Thoroughbreds are sensitive and pick up on the emotions of the people around them. It is important to relax and open your heart when working around your Thoroughbred. If you are not confident enough to train your Thoroughbreds then don’t buy one. It does not take a lot of skill but it does take patience and confidence. You can walk your horse for a year if you are not confident enough to trot or canter and that will be good for the horse as long as you can relax. Sit all stiff, fall off or scare yourself or the horse, and your training will take a big step backwards. Thoroughbreds like to have a job and they like to be ridden. If they could not be controlled by a rider, they would never make it through a race – they would run out of gas before the finish line.

The race horse waits for the rider to tell him to make the push at the end of the race to win. He is used to a rider telling him what to do and when. He needs to learn your cues when asking him to do something. Sending a Thoroughbred to a trainer will cause the horse to learn how the trainer is asking and then he will need to relearn the cues from you. The trainer can tell you how he/she taught the horse but you will not do it the same way. It is better to work with a trainer with you as the rider. The Thoroughbred needs to respect you and learn what YOU are asking him to do.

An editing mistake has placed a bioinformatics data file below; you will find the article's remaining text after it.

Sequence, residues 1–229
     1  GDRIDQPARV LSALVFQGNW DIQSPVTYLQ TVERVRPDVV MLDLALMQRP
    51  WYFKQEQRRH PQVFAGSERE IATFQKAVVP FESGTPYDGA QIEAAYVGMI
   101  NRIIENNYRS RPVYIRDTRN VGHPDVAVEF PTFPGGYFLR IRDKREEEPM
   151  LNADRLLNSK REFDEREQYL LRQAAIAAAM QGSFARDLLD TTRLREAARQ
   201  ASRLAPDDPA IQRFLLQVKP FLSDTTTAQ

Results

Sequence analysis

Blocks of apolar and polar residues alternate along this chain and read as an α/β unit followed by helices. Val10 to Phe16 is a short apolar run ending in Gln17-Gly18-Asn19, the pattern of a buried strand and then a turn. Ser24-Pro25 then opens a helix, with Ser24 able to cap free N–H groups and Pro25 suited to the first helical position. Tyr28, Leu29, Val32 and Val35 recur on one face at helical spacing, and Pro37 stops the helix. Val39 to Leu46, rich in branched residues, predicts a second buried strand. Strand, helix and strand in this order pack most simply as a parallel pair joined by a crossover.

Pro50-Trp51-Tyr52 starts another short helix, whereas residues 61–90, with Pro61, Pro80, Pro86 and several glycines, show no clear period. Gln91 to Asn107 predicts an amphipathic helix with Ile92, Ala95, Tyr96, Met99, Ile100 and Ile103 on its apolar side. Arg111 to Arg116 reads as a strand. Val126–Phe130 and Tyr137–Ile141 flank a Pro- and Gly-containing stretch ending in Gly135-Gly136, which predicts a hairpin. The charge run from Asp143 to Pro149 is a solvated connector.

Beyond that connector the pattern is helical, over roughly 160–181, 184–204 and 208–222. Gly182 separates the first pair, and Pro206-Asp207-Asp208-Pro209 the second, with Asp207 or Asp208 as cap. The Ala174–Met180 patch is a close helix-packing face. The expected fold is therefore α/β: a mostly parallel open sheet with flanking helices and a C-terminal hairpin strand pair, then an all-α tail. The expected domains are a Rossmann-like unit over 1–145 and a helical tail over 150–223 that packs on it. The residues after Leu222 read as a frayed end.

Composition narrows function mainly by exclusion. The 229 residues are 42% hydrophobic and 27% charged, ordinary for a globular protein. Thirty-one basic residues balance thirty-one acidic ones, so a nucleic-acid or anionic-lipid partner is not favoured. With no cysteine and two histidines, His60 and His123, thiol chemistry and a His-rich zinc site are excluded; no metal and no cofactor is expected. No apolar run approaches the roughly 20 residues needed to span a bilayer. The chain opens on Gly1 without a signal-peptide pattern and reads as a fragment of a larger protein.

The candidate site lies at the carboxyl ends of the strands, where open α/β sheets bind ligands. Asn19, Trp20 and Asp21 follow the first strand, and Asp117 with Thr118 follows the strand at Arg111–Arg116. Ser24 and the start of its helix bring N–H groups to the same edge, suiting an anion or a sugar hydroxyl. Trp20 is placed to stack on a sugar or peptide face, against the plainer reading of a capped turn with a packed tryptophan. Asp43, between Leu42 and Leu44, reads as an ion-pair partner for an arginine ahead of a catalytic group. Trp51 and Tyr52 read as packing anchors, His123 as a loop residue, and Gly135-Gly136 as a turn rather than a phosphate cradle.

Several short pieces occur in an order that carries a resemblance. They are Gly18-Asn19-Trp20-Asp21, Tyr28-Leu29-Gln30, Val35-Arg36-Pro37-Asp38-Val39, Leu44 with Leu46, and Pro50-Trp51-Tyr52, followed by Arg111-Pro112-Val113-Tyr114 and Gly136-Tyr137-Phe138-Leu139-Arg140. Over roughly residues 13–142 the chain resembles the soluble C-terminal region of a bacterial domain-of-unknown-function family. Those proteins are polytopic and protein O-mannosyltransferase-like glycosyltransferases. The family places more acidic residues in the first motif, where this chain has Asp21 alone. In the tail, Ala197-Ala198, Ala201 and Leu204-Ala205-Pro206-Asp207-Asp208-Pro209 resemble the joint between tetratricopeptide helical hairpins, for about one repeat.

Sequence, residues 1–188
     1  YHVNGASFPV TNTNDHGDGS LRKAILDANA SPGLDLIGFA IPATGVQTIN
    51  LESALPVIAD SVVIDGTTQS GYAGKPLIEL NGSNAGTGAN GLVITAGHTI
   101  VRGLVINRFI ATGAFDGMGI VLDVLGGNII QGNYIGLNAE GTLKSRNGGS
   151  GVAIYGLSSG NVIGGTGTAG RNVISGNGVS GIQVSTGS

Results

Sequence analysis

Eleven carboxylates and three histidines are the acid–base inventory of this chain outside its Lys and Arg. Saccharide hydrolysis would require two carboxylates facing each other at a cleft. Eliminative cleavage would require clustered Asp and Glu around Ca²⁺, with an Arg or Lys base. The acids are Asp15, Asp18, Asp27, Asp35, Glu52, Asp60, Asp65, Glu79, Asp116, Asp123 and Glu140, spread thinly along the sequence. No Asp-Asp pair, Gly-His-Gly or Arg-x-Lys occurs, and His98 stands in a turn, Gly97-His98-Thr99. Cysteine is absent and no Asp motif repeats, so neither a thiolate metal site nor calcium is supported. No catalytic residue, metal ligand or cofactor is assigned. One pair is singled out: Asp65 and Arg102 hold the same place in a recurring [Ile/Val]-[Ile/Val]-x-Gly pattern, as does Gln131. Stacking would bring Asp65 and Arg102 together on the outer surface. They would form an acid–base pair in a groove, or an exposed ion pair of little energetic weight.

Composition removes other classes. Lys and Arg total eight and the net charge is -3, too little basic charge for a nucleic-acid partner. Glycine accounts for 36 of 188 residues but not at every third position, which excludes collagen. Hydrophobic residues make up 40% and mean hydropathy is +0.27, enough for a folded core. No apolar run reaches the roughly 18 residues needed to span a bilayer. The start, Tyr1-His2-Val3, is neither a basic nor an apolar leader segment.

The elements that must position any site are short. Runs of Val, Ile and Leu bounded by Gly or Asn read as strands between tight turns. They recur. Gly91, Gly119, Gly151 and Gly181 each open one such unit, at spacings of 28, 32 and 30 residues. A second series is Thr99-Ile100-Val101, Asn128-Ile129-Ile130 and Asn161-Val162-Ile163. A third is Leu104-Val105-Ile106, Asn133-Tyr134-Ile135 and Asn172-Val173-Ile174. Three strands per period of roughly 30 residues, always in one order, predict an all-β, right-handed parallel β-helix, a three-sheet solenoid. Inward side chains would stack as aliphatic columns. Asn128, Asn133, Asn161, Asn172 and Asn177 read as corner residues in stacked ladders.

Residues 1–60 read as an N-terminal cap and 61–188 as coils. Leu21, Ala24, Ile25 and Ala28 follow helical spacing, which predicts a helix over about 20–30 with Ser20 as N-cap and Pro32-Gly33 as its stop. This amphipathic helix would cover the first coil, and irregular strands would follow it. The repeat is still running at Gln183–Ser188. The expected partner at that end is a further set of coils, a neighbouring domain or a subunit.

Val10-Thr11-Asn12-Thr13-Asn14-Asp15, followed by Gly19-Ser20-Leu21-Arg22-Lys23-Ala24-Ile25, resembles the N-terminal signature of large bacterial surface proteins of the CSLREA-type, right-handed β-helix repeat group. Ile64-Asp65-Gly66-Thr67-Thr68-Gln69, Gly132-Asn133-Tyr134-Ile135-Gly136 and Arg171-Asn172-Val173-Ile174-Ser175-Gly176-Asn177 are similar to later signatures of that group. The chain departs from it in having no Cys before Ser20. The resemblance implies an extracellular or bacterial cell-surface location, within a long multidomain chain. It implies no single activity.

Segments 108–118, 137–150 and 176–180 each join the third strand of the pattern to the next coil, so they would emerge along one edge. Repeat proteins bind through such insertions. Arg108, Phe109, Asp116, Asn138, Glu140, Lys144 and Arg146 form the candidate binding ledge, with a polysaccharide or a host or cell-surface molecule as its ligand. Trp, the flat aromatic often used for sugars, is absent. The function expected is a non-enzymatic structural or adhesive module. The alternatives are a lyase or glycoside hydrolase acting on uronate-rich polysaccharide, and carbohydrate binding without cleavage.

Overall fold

If your Thoroughbred is “up”, hot tempered or bucking out sideways on the lunge line, you might want to look for a pain issue and take care of that before trying to ride him. Many ex-racers need a few chiropractic adjustments to feel good.

Who you buy your Thoroughbred from can make a huge difference. It can be the difference between success and failure with OTTB. Horses that are racing at the low end, who have not had good care or training can have a whole different set of problems than a horse from a better track or a caring trainer/owner. Make sure your OTTB has been properly cared for and handled well. If the horse is sound for racing and he is checked out thoroughly by a vet, he will most likely be very easy to ride when you get him home. A horse that is quiet and well behaved at-the-track will be even better when you get him to the farm. Horses that are unhappy at the track can turn 180 degrees and become the biggest pet you ever had, but starting with a sound, happy horse will almost guarantee a great first ride. Check to make sure the horse is not in pain. You need to make sure he feels good if you hope to have a quiet first ride.